This is related to Twitter’s larger aim to better organize its content—to separate the interesting and timely tweets from the noise. Twitter has already begun tweaking the timeline where tweets appear—most notably (and controversially), by introducing tweets from accounts users haven’t chosen to follow.

Twitter’s timeline is organized in reverse chronological order, a delivery system that has not changed since the product was created eight years ago and one that some early adopters consider sacred to the core Twitter experience. But this “isn’t the most relevant experience for a user,” Noto said. Timely tweets can get buried at the bottom of the feed if the user doesn’t have the app open, for example. “Putting that content in front of the person at that moment in time is a way to organize that content better.”

Twitter has always had a bit of a shaky business model, especially if you look at the way it was used in about 2008 or 2009. I understand that these changes will allow users to Engage with Brands™ and therefore drive Twitter’s revenue, but this is ultimately a really shitty move for users. A Twitter timeline is a user’s rolling guide to the day, as viewed through the scope of their interests and time. That much is absolutely central to the Twitter experience, and should be sacrosanct for the company. It’s too bad that they don’t see it that way.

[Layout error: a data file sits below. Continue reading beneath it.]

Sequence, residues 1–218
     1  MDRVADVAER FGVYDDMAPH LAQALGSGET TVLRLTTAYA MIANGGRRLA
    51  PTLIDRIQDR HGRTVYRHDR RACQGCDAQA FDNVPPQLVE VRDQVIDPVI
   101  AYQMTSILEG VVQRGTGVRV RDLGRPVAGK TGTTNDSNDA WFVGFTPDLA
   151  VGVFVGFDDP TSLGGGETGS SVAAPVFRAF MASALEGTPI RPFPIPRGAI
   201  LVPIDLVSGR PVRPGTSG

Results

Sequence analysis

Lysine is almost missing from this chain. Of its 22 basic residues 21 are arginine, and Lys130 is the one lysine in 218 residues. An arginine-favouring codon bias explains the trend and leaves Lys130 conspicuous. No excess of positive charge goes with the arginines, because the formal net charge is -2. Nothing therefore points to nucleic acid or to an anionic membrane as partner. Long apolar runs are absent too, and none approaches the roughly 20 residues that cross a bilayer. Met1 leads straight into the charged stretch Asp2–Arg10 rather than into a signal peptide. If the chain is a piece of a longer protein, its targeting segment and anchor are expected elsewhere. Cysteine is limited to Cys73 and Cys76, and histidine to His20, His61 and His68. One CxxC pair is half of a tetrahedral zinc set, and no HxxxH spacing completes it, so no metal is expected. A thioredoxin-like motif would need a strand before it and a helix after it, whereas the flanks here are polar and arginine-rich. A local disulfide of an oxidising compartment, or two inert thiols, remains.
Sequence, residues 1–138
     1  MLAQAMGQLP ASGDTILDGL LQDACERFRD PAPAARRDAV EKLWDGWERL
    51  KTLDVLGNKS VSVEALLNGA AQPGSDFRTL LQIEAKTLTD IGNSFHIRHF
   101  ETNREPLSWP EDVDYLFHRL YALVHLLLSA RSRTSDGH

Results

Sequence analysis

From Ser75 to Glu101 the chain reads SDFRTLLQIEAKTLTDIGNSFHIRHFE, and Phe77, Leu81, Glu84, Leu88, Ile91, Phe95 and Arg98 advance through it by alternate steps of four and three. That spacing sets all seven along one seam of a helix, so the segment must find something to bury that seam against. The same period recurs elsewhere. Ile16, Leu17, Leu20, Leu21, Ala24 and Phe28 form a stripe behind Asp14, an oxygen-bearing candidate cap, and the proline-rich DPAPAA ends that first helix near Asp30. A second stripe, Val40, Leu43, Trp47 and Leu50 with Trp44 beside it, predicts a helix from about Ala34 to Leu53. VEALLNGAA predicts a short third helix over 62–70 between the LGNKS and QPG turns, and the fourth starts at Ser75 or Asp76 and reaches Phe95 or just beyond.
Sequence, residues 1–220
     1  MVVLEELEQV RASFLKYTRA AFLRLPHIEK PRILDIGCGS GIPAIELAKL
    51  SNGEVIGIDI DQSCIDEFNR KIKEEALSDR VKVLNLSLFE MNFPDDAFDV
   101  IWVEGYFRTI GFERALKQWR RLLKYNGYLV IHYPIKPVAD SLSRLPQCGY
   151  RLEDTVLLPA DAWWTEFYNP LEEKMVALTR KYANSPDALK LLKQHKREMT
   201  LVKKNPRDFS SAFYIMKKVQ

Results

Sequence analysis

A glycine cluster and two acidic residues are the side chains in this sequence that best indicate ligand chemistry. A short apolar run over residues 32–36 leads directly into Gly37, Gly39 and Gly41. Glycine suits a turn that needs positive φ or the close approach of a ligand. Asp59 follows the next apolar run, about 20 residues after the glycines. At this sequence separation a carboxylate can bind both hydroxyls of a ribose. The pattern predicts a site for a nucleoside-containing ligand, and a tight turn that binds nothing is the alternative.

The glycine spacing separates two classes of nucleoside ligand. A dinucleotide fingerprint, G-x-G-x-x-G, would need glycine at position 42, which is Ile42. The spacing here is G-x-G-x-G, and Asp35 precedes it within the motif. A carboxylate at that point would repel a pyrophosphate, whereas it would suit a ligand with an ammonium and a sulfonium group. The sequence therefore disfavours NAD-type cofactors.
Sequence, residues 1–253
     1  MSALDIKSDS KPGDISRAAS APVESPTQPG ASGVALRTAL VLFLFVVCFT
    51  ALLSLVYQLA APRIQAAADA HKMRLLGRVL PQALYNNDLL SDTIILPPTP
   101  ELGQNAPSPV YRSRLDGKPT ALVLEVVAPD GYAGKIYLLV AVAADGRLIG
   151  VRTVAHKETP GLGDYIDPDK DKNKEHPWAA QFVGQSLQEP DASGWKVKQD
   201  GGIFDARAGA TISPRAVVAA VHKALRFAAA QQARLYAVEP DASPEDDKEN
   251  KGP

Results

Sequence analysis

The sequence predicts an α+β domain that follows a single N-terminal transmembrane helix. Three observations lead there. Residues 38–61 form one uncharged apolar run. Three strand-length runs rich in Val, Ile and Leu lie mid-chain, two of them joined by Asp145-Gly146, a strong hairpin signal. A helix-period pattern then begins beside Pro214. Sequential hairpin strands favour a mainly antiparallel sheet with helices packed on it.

Nik Cubrilovic:

What we see in the public with these hacking incidents seems to only be scratching the surface. There are entire communities and trading networks where the data that is stolen remains private and is rarely shared with the public. The networks are broken down horizontally with specific people carrying out specific roles, loosely organized across a large number of sites (both clearnet and darknet) with most organization and communication taking place in private (email, IM).

This is frightening. It’s not just celebrities who are targeted, but the accounts of women — almost exclusively — of any level of fame, or lack thereof.